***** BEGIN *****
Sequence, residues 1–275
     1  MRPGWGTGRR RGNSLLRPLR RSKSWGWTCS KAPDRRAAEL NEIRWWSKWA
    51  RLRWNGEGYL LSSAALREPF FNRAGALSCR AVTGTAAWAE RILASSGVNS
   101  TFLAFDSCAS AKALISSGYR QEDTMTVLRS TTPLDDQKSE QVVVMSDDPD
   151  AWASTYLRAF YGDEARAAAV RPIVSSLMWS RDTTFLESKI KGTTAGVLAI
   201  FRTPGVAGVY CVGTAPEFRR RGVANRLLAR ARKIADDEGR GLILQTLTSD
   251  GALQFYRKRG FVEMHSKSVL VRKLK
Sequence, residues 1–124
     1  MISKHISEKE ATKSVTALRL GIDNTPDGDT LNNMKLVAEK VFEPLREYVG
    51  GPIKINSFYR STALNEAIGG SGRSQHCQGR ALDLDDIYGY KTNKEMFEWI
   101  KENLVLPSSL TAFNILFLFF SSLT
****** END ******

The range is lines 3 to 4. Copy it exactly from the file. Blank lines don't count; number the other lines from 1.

    51  RLRWNGEGYL LSSAALREPF FNRAGALSCR AVTGTAAWAE RILASSGVNS
   101  TFLAFDSCAS AKALISSGYR QEDTMTVLRS TTPLDDQKSE QVVVMSDDPD